Seeing that these inferiour and sublunary mixt bodies are governed of the superiour and simple bodies, and especially by the motion of our neighbour Planet, the Moone, diseases vary and differ, and not for that she exceedes the rest in vertue and power, but because she is neerer us and swifter in motion; for wee see, the Moone increasing, humours increase; and when she decreaseth, humours decrease: for the bones in the full of the Moone are full of marrow, all living creatures both on sea and land, are then augmented in humiditie, as the Crab, Lobster, Oyster, etc. Also humours in man's bodie and in Plants are then increased: for when the Sunne and Moone are in hot signes, heate is increased, in cold signes, cold execedes heate; therefore have we just cause in purging of humours to consider the motion of the Moone throagh every signe of the Zodiacke, not only in purging of humours, but also in curing diseases and in strengthening the faculties and vertues.

In the "Dialogue of Dives and Pauper," printed by Richard Pynson in 1493, this subject is referred to as follows:--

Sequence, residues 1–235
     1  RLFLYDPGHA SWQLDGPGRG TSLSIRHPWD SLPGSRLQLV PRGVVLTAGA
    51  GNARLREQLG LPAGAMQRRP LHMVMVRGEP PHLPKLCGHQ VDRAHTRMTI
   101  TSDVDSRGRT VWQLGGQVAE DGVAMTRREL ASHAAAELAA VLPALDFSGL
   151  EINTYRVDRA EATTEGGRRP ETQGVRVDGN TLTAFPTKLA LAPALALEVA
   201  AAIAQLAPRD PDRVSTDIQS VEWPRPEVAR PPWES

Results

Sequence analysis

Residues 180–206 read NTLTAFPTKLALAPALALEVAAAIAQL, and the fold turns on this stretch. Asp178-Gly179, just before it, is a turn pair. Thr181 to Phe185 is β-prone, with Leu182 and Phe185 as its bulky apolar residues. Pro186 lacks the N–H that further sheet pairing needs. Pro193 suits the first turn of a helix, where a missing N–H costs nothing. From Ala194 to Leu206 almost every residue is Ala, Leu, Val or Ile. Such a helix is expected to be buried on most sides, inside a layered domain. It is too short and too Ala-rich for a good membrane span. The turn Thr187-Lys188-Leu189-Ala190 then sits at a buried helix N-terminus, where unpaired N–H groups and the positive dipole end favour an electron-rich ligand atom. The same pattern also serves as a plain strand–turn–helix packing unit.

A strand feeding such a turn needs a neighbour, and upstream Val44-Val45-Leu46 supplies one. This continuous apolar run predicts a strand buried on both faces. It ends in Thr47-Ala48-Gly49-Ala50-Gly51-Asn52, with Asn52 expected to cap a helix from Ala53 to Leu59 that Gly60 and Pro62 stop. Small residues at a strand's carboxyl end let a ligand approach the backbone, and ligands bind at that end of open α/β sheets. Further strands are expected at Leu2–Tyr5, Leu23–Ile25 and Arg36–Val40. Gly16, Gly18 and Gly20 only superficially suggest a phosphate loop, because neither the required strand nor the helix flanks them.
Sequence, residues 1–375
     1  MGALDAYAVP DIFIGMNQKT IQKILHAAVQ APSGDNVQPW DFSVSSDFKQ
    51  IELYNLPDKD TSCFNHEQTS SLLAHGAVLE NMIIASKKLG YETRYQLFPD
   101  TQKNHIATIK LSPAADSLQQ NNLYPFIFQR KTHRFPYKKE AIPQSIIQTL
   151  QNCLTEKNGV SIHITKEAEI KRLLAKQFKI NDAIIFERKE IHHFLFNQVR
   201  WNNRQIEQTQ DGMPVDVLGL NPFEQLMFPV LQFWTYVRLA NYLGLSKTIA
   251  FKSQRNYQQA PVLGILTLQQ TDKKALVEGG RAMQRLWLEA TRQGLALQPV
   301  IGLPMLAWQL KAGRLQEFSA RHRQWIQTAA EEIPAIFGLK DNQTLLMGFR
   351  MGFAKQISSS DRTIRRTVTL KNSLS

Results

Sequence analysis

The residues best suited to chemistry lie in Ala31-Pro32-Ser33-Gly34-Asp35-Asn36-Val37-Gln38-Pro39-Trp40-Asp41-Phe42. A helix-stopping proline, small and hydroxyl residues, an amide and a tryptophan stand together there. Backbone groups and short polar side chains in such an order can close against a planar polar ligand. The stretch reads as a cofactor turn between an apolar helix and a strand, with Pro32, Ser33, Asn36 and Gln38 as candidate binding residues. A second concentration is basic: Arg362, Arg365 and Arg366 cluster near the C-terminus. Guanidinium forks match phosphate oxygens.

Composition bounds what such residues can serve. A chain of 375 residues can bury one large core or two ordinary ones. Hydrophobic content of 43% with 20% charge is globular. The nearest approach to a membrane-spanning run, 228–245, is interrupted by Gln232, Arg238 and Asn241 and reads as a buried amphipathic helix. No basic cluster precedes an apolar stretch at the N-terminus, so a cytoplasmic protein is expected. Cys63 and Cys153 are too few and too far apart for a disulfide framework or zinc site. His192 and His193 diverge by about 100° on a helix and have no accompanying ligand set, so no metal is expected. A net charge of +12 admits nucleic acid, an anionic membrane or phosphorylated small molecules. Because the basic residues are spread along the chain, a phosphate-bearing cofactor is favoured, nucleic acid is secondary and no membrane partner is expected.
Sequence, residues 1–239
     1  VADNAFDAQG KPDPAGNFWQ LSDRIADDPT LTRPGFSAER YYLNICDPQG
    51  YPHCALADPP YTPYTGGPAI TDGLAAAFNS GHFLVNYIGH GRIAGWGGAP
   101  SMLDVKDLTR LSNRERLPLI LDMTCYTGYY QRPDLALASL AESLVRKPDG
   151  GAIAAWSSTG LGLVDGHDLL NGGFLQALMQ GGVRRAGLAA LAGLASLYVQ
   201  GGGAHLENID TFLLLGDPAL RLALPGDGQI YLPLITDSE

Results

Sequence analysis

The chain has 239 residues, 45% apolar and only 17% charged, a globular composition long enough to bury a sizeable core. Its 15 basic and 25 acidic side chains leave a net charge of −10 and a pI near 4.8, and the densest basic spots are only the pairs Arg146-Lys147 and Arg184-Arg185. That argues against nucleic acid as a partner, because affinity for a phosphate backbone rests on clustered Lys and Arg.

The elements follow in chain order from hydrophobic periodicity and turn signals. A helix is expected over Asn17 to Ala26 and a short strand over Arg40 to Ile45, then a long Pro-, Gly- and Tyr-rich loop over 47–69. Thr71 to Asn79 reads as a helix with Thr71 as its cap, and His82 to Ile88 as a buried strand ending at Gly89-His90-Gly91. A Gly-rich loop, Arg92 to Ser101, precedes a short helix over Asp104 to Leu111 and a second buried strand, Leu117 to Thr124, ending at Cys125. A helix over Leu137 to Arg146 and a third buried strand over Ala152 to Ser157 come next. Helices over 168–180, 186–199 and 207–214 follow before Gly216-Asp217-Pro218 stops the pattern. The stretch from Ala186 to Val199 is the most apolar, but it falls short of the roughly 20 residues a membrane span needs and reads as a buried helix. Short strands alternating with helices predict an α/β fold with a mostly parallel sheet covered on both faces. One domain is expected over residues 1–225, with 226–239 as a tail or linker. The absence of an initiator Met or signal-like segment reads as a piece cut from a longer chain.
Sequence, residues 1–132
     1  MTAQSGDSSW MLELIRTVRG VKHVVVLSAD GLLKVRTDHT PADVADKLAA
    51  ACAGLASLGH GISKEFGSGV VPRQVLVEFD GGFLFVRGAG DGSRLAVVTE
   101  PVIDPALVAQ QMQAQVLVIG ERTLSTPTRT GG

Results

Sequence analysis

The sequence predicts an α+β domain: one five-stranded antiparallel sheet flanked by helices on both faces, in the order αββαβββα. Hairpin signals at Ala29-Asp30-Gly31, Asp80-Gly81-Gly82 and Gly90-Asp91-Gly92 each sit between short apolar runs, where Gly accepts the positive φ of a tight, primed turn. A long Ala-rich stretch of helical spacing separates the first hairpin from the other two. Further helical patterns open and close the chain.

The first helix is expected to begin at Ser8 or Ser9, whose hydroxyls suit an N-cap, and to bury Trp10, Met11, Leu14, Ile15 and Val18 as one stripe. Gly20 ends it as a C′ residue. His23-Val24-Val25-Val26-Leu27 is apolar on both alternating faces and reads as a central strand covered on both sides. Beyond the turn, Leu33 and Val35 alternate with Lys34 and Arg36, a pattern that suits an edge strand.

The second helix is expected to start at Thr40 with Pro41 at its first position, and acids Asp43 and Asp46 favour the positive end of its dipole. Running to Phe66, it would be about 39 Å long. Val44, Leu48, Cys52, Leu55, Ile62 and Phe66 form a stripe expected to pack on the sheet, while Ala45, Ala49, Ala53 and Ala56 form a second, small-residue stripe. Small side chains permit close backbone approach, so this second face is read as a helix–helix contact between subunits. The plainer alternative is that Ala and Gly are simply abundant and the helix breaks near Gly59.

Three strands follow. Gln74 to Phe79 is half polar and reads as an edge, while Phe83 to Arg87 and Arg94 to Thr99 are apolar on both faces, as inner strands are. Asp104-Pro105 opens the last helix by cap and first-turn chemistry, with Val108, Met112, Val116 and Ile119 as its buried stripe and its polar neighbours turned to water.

Alle that take hede to dysmal dayes, or use nyce observances in the newe moone, or in the newe yeere, as setting of mete or drynke by night on the benche to fede alholde (or gobelyn).

The French traveler, Jean Chardin (1643-1713), stated that in the year 1668 Cossacks invaded the northern provinces of Persia; and when the inhabitants appealed to the Persian government for aid, they received only the reply that no assistance could be sent them until the moon had passed out of the sign of the Scorpion. The Persians formerly divided all the days of the year into three classes,--preferable or lucky, middling or indifferent, and unlucky or detested ones; and the Emperor Frederick the Great of Prussia (1712-86) was governed in his military operations by the advice of astrologers, and always waited until they had indicated the fortunate moment for a start.

The "English Apollo, by Richard Saunders, student in the divine, laudable, and celestial sciences, London, 1656," in giving advice to mariners, says that the good or bad position of the planets at the time of sailing has much influence over the fortunes of a voyage. The ancient sages, moreover, declared that the chief means of averting evil were, first, the devout invocation of Providence; and, secondly, the careful choice of a proper time for sailing by observation of the rules of astrology.

In William Jones's "Credulities Past and Present" (1525), St. Augustine is quoted as follows:--

No man shall observe by the days on what day he travel, or on what he return; because God created all the seven days which run in the week to the end of this world. But whithersoever he desires to go, let him sing, and say his Paternoster, if he know it, and call upon his Lord, and bless himself, and travel free from care, under the protection of God, without the sorceries of the Devil.

Next: IV. Prevalence Of Similar Beliefs In Modern Times